August 1, 2018.
Bacteria live in environments containing complex ecologies of other microbes that communicate and survive through the action of a variety of small metabolic compounds. One common yet relatively unstudied metabolite is guanidine. Although it can be toxic to cells, recent studies have revealed that guanidine may function as a cellular metabolite through a specialized RNA sequence known as a riboswitch. Within our overall project on improving algal productivity, the focus of this study is to: (a) describe various guanidine riboswitch sequences in bacteria that interact with biofuel producing algae; and (b) determine if guanidine has a positive or negative influence on the growth of the bacteria containing these riboswitches.
Over 2,000 species across four phyla of bacteria contain genes that help overcome guanidine toxicity. Recently it was discovered that guanidine, a small molecule with three nitrogen linked to a single carbon, regulates some of these genes by specific interactions with a segment of mRNA called a riboswitch. In this investigation, we used the largely uncharacterized cyanobacterium ESFC-1, and others across the four phyla, that contain the guanidine riboswitch, of which there are two subtypes. Both of these two subtypes regulate expression of proteins involved in the export and modification of guanidine inside the bacterial cell.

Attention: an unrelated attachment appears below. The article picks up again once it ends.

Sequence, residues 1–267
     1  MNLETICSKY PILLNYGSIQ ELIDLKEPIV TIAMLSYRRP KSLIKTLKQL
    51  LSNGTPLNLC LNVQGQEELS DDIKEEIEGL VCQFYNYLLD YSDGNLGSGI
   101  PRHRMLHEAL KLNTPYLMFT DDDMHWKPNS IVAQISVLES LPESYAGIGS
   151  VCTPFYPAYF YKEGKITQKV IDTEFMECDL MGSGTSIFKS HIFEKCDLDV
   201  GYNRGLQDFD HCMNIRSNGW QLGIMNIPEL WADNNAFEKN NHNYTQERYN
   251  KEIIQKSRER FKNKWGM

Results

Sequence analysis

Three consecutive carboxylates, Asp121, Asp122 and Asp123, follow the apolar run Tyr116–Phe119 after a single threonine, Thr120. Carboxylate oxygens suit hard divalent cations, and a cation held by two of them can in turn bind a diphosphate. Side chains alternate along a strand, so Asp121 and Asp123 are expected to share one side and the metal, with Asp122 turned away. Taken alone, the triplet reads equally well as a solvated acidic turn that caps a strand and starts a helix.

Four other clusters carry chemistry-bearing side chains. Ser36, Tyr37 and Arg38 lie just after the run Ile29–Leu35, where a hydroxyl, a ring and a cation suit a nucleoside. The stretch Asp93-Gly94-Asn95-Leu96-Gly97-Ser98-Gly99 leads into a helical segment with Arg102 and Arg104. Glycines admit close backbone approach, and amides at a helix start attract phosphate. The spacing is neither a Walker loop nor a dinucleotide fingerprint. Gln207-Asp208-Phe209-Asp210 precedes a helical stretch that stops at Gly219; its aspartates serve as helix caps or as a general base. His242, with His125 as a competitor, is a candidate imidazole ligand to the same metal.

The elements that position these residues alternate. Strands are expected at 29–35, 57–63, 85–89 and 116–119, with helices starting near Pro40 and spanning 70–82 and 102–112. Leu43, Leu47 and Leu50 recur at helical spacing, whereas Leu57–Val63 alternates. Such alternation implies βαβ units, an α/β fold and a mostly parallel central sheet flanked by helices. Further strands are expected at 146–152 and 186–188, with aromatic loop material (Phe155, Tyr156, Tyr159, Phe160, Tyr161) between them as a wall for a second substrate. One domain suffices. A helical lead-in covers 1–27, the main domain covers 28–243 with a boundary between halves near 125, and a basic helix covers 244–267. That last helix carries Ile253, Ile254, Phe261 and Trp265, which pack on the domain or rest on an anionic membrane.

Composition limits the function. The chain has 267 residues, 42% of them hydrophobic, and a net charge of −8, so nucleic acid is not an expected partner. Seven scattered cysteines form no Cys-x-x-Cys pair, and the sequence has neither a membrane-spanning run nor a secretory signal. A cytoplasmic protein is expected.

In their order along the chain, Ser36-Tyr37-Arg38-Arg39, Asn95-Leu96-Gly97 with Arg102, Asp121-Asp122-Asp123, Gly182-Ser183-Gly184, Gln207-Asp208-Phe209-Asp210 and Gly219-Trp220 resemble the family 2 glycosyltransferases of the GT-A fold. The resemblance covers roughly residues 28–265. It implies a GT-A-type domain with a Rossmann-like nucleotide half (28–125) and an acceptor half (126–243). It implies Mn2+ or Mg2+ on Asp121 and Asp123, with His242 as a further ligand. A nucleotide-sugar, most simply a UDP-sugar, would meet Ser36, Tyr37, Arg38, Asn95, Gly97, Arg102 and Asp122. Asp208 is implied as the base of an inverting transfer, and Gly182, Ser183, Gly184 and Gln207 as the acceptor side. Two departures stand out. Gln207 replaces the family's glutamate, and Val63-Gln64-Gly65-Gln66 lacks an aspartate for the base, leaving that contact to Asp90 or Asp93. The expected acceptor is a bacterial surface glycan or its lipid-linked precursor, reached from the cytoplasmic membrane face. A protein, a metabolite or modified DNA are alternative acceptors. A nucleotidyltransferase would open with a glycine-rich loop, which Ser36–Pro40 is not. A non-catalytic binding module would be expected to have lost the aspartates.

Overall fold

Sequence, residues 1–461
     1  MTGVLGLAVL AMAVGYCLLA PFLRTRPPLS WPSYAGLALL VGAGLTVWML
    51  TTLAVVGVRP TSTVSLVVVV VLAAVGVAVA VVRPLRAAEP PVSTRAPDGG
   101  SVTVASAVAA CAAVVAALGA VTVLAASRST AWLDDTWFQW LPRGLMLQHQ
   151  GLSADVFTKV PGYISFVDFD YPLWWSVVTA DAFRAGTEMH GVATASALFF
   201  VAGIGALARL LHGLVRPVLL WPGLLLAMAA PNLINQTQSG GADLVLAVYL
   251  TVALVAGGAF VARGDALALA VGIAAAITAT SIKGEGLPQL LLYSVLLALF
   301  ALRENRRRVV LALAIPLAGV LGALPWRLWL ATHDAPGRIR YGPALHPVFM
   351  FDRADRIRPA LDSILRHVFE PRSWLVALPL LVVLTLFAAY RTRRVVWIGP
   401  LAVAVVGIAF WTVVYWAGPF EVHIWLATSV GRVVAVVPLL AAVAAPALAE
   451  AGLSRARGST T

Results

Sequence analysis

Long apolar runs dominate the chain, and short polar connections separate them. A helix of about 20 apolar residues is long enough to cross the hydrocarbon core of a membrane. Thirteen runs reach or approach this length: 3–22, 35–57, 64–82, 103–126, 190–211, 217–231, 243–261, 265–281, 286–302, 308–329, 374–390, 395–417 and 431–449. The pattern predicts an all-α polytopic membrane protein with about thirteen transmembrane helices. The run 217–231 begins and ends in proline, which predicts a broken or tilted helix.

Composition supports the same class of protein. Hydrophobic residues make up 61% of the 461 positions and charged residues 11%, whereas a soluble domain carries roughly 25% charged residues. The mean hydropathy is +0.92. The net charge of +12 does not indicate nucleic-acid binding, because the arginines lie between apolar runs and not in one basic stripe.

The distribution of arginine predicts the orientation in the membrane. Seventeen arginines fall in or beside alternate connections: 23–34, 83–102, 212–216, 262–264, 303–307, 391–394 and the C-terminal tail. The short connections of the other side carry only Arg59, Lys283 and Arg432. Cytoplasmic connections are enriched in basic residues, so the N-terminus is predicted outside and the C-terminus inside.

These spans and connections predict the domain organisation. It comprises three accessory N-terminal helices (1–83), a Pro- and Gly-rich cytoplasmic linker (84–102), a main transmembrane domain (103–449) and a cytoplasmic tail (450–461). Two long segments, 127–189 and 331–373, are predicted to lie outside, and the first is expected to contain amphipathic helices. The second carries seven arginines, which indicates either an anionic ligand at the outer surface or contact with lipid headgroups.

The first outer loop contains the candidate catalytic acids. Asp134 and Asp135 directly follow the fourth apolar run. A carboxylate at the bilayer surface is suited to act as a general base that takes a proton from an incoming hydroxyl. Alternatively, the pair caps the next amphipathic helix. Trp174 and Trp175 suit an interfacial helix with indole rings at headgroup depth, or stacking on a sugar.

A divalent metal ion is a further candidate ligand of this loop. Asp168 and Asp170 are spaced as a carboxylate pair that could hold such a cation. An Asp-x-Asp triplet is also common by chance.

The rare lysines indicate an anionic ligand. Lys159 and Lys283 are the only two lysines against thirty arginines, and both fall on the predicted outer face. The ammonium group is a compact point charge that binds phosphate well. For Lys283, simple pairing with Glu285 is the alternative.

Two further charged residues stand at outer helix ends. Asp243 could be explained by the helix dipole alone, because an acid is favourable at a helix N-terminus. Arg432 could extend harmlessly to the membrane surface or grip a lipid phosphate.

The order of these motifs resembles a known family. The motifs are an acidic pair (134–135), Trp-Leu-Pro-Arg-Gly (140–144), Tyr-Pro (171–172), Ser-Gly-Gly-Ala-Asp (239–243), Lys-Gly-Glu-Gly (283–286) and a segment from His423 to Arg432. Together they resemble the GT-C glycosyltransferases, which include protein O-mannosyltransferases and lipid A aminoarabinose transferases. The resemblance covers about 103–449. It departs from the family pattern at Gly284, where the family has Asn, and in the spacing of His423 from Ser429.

Genome sequence analysis of our guanidine riboswitches indicate that our test bacteria differ in four key highly conserved residues for a guanidine-binding pocket in the model riboswitch. However, structures of the riboswitches may be similar, indicating their functions and guanidine-binding capabilities may be similar.
Environmental Microbiology and Microbial Ecology | Microbiology
Michael P. Thelen
Lawrence Livermore National Laboratory (LLNL)
The 2018 STEM Teacher and Researcher Program and this project have been made possible through support from Chevron (www.chevron.com), the National Marine Sanctuary Foundation (www.marinesanctuary.org), the National Science Foundation through the Robert Noyce Program under Grant #1836335 and 1340110, the California State University Office of the Chancellor, and California Polytechnic State University in partnership with Lawrence Livermore National Laboratory. Work at LLNL was performed under the auspices of the U.S. Department of Energy under Contract DE-AC52-07NA-27344. Any opinions, findings, and conclusions or recommendations expressed in this material are those of the author(s) and do not necessarily reflect the views of the funders. LLNL-POST-757483